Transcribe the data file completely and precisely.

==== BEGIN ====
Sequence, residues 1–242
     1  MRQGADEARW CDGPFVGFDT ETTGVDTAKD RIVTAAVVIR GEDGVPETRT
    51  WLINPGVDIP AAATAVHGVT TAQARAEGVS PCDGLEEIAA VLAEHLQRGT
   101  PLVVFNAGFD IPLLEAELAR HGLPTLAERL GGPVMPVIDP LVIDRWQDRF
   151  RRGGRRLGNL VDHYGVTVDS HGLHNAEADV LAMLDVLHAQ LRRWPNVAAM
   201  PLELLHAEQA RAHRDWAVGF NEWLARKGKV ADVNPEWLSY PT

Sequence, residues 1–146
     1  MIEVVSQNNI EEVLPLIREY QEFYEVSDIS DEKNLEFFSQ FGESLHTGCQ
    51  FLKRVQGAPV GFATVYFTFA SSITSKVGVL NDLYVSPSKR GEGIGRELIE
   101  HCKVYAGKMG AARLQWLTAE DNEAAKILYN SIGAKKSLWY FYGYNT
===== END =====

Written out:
Sequence, residues 1–242
     1  MRQGADEARW CDGPFVGFDT ETTGVDTAKD RIVTAAVVIR GEDGVPETRT
    51  WLINPGVDIP AAATAVHGVT TAQARAEGVS PCDGLEEIAA VLAEHLQRGT
   101  PLVVFNAGFD IPLLEAELAR HGLPTLAERL GGPVMPVIDP LVIDRWQDRF
   151  RRGGRRLGNL VDHYGVTVDS HGLHNAEADV LAMLDVLHAQ LRRWPNVAAM
   201  PLELLHAEQA RAHRDWAVGF NEWLARKGKV ADVNPEWLSY PT

Sequence, residues 1–146
     1  MIEVVSQNNI EEVLPLIREY QEFYEVSDIS DEKNLEFFSQ FGESLHTGCQ
    51  FLKRVQGAPV GFATVYFTFA SSITSKVGVL NDLYVSPSKR GEGIGRELIE
   101  HCKVYAGKMG AARLQWLTAE DNEAAKILYN SIGAKKSLWY FYGYNT